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Method and apparatus for time-based opportunity and risk management

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20130014061 patent thumbnailZoom

Method and apparatus for time-based opportunity and risk management


In one aspect, a computer-implemented method for use in controlling an operating environment includes: scoring a plurality of events detected within the operating environment to indicate an objective importance for a decision maker to address; presenting to the decision maker the scored events ranked relative to one another by their scores; receiving a selection by the decision maker of a particular one of the ranked events; scoring a plurality of alternative options to the selected event; presenting to the decision maker the options ranked relative to one another by their scores; receiving a selection by the decision maker of a particular one of the ranked options. In other aspects, a computing apparatus is programmed to perform such a method and a program storage medium is encoded with instructions that, when executed by computing device, perform such a method.
Related Terms: Operating Environment Computing Device

Browse recent Lockheed Martin Corporation patents - Grand Prairie, TX, US
Inventors: Sunil C. Patel, Evan R. Dietz, Christopher R. Larson
USPTO Applicaton #: #20130014061 - Class: 715841 (USPTO) - 01/10/13 - Class 715 
Data Processing: Presentation Processing Of Document, Operator Interface Processing, And Screen Saver Display Processing > Operator Interface (e.g., Graphical User Interface) >On-screen Workspace Or Object >Menu Or Selectable Iconic Array (e.g., Palette) >Sub-menu Structure

Inventors:

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The Patent Description & Claims data below is from USPTO Patent Application 20130014061, Method and apparatus for time-based opportunity and risk management.

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CROSS-REFERENCE TO RELATED APPLICATIONS

The priority of co-pending provisional application Ser. No. 61/504,842, entitled “Method and Apparatus for Time-Based Opportunity and Risk Management”, and filed Jul. 6, 2011, in the name of the inventors Sunil C. Patel, et al., is hereby claimed pursuant to 35 U.S.C. §119(e). This application is also hereby incorporated by reference in its entirety and for all purposes as if expressly set forth verbatim herein.

STATEMENT REGARDING FEDERALLY SPONSORED RESEARCH OR DEVELOPMENT

Not applicable.

BACKGROUND

This section of this document introduces information from the art that may be related to various aspects of the present invention described and/or claimed below. It provides background information to facilitate a better understanding of the subject matter disclosed herein. This is a discussion of “related” art. That such art is related in no way implies that it is also “prior” art. The related art may or may not be prior art. The discussion in this section of this document is to be read in this light, and not as admissions of prior art.

Many fields of human endeavor have time-dependent opportunities and risks based on cost, schedule, or technical considerations. Typically associated with events occurring in the operating environments for these fields are a number of options to mitigate risk or capture opportunity. Many of these environments are very complex. This complexity may arise from factors such as the amount of information available about conditions in the environment, or the number events occurring in the environment, or the number of options associated with the events, or some combination of such factors.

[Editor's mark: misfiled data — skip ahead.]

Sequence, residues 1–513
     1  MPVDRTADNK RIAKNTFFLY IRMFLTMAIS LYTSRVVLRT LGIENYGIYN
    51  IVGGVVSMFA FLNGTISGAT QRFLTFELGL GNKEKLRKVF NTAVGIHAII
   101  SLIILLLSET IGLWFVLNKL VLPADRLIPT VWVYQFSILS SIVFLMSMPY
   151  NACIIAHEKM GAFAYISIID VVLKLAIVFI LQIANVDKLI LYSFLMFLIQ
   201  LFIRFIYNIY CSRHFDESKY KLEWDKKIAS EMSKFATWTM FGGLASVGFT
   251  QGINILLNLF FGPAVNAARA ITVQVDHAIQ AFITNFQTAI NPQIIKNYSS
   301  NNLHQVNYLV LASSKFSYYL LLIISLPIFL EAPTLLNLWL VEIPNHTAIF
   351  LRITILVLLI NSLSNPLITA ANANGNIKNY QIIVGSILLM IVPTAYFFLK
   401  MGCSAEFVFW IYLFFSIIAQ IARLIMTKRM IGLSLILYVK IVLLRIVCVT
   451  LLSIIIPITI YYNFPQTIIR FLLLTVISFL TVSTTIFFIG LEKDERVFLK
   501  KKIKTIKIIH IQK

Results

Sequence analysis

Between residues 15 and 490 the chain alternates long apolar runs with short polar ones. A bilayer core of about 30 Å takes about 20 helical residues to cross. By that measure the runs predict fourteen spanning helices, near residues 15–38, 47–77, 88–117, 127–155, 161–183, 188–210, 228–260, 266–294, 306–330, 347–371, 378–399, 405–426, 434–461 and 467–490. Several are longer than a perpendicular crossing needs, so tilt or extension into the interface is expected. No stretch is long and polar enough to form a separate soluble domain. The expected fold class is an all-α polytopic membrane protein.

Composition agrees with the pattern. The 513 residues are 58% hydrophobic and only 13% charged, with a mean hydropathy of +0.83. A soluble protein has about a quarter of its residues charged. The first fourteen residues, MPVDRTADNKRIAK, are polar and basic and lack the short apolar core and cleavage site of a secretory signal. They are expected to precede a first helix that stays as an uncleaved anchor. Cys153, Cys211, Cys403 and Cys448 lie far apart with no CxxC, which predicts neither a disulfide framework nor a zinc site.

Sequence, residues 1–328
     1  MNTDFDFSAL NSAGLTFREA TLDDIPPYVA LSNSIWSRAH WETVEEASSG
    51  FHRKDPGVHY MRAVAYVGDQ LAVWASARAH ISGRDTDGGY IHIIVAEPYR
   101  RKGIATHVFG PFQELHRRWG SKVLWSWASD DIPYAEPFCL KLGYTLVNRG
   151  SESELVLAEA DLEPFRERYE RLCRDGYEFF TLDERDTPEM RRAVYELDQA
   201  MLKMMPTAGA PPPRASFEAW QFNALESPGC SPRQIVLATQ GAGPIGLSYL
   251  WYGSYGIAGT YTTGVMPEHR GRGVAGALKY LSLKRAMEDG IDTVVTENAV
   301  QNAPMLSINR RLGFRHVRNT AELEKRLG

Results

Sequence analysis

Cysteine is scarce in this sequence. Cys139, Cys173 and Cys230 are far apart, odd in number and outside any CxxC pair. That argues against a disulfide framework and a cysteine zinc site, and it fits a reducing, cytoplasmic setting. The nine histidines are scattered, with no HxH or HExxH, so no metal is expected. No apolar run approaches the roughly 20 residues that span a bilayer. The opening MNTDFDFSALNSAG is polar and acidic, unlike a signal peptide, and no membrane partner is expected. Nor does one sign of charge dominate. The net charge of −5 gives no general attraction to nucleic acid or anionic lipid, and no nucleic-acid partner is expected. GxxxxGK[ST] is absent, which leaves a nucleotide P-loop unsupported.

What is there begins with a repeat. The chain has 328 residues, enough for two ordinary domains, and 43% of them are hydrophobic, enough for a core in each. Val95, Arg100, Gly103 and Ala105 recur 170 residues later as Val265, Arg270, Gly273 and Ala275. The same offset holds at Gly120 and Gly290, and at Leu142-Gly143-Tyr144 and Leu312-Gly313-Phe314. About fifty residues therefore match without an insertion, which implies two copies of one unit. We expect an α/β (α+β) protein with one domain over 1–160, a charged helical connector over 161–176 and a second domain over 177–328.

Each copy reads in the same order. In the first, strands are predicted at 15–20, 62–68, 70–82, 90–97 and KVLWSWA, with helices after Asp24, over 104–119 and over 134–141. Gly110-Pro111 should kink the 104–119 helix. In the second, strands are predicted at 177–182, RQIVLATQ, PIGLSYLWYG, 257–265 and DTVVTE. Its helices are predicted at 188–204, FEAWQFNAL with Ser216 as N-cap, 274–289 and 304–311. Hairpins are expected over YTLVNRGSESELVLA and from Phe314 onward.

These environments frequently challenge the abilities of even the best decision makers where there is a “man in the loop” control. The option space can quickly become overwhelming, particularly where each event has a set of benefits and drawbacks and the time to act for each event is different. If the timeline from risk/opportunity detection to mitigation/capture is represented in seconds or minutes, the cognitive workload of the decision maker becomes overwhelming.

The present invention is directed to resolving, or at least reducing, one or all of the problems mentioned above.

SUMMARY

In one aspect, of the presently disclosed technique, a computer-implemented method for use in controlling an operating environment, the method comprising: scoring a plurality of events detected within the operating environment to indicate an objective importance for a decision maker to address; presenting to the decision maker the scored events ranked relative to one another by their scores; receiving a selection by the decision maker of a particular one of the ranked events; scoring a plurality of alternative options to the selected event; presenting to the decision maker the options ranked relative to one another by their scores; receiving a selection by the decision maker of a particular one of the ranked options. In other aspects the technique includes a computing apparatus programmed to perform such a method and a program storage medium encoded with instructions that, when executed by computing device, perform such a method.

The above presents a simplified summary in order to provide a basic understanding of some aspects of this technique. This summary is not an exhaustive overview. It is not intended to identify key or critical elements or to delineate the scope of the technique. Its sole purpose is to present some concepts in a simplified form as a prelude to the more detailed description that is discussed later.